In the wake of the 2016 presidential election, Democratic-leaning adolescents (both girls and boys) became more skeptical of democracy. In 2018, however, Democratic girls’ confidence in democracy rebounded, while that of Democratic boys continued to decline. Why did they diverge? In this paper, we employ a unique three-wave panel study of adolescents and their parents, to test whether Democratic girls became more positive toward democracy if they lived in places where Democratic women ran for high-profile political office. They did. The same is also true of Democratic boys and Republican girls but to a much lesser extent; Republican boys, on the other hand, actually became slightly less likely to see American democracy as responsive. These results suggest that descriptive representation can foster a more positive perception of democracy, especially among underrepresented groups. But those who are politically advantaged appear unaffected.

How to Measure Legislative District Compactness If You Only Know It When You See It
Aaron Kaufman, Gary King & Mayya Komisarchik
American Journal of Political Science, forthcoming


To deter gerrymandering, many state constitutions require legislative districts to be "compact." Yet, the law offers few precise definitions other than "you know it when you see it," which effectively implies a common understanding of the concept. In contrast, academics have shown that compactness has multiple dimensions and have generated many conflicting measures. We hypothesize that both are correct -- that compactness is complex and multidimensional, but a common understanding exists across people. We develop a survey to elicit this understanding, with high reliability (in data where the standard paired comparisons approach fails). We create a statistical model that predicts, with high accuracy, solely from the geometric features of the district, compactness evaluations by judges and public officials responsible for redistricting, among others. We also offer compactness data from our validated measure for 20,160 state legislative and congressional districts, as well as software to compute this measure from any district.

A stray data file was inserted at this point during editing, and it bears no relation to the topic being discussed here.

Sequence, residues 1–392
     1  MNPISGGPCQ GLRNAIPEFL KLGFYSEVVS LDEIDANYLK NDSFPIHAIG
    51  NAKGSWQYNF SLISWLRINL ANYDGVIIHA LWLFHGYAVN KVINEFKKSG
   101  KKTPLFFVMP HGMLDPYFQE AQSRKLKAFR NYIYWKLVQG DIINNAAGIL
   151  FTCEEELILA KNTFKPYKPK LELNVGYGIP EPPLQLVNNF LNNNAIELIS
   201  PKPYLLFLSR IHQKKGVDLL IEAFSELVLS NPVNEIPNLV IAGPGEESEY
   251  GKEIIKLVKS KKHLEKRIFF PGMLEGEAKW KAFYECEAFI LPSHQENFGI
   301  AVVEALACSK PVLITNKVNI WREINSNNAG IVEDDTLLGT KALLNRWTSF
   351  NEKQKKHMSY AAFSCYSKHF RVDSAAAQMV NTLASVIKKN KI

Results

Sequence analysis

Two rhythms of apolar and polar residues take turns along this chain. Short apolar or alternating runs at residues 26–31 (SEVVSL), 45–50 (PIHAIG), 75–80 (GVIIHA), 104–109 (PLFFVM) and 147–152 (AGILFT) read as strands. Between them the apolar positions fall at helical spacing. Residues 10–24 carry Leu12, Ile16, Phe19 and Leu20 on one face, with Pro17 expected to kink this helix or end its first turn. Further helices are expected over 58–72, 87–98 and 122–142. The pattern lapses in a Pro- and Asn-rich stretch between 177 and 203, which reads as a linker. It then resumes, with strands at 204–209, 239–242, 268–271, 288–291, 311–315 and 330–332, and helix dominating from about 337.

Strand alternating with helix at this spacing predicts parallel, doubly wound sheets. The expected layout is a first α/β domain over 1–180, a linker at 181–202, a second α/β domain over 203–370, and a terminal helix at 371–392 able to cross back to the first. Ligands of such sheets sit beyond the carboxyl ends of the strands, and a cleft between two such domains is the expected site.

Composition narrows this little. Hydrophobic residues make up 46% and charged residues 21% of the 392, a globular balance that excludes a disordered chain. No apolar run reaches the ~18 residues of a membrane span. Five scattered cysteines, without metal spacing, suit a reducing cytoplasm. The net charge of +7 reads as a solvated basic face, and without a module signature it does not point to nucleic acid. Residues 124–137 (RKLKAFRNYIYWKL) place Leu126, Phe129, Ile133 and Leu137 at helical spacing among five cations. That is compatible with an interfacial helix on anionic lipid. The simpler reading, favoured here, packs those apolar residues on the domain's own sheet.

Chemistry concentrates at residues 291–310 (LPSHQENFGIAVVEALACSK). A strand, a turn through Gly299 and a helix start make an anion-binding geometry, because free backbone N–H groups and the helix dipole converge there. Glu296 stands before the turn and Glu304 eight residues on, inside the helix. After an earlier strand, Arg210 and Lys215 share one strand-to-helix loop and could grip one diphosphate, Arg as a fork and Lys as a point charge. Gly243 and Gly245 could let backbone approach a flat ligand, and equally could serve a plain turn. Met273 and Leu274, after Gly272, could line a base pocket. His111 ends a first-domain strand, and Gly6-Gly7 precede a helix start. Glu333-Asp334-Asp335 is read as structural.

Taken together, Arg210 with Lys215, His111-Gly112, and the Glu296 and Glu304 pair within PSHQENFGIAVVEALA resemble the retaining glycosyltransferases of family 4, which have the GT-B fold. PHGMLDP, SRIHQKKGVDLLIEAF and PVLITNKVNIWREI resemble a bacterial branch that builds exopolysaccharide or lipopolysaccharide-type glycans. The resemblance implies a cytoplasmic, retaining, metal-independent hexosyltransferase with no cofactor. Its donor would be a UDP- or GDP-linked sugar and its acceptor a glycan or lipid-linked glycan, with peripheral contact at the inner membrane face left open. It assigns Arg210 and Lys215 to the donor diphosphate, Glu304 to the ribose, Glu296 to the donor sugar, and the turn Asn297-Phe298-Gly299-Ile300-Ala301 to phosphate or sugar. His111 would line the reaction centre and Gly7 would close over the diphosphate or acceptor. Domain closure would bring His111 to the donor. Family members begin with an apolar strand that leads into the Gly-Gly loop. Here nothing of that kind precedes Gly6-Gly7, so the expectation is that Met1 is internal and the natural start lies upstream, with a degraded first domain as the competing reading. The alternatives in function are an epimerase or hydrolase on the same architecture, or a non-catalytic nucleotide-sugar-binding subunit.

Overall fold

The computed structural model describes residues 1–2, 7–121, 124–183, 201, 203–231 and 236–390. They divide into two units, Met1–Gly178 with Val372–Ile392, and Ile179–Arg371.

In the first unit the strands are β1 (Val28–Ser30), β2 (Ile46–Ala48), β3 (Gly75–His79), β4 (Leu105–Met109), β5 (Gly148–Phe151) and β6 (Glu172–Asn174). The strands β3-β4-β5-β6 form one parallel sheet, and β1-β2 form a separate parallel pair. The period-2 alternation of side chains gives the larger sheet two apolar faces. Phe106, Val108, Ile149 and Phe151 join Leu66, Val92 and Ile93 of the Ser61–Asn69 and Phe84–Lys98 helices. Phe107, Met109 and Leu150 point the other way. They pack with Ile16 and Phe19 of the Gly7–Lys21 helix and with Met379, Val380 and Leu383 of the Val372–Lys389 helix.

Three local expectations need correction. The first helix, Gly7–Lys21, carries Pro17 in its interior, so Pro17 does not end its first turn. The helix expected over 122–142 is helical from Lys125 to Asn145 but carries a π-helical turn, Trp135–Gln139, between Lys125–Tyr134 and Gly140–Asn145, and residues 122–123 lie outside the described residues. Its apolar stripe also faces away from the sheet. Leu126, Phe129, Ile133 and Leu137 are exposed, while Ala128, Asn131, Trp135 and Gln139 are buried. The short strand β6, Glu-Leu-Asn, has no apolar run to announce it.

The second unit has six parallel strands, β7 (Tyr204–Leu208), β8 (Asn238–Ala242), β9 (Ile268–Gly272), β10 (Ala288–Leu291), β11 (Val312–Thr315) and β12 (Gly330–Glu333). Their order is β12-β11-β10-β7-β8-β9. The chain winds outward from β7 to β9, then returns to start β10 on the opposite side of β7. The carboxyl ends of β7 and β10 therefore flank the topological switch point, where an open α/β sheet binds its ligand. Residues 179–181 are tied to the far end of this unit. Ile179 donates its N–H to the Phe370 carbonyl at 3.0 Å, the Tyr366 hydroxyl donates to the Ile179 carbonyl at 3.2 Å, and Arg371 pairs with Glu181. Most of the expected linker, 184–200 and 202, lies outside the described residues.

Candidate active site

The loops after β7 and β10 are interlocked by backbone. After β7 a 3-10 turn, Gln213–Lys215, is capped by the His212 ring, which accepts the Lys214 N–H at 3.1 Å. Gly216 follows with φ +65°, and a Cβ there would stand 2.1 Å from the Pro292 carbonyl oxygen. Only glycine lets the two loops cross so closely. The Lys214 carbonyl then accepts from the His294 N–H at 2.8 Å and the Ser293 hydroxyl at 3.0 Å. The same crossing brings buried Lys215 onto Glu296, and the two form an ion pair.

Information, Political Bias, and Public Perceptions of Local Conditions in U.S. Cities
Thomas Holbrook & Aaron Weinschenk
Political Research Quarterly, forthcoming


Using two unique surveys, one that includes over 6,000 respondents interviewed across 39 cities and another that includes over 47,000 respondents interviewed across 26 U.S. cities, we investigate the extent to which perceptions of local conditions — the state of the local economy, the quality of local schools, and local crime — reflect actual local conditions. We examine individual-level differences in the accuracy of perceptions of local conditions using two different frameworks, one that emphasizes factors that limit information acquisition and may exacerbate political inequalities, and another that emphasizes motivations for information processing. Objective conditions influence perceptions of conditions, but the relationship between objective and perceived local conditions is strongest among individuals with high levels of education and preexisting knowledge. In addition, we find that partisanship plays a role in shaping perceptions of local conditions. While the partisan match between a respondent and the mayor of their city has little effect on local perceptions, the match between a respondent’s partisanship and the president’s party has a strong effect on perceptions of the local economy.

Influences of source bias that differ from source untrustworthiness: When flip-flopping is more and less surprising
Laura Wallace, Duane Wegener & Richard Petty
Journal of Personality and Social Psychology, forthcoming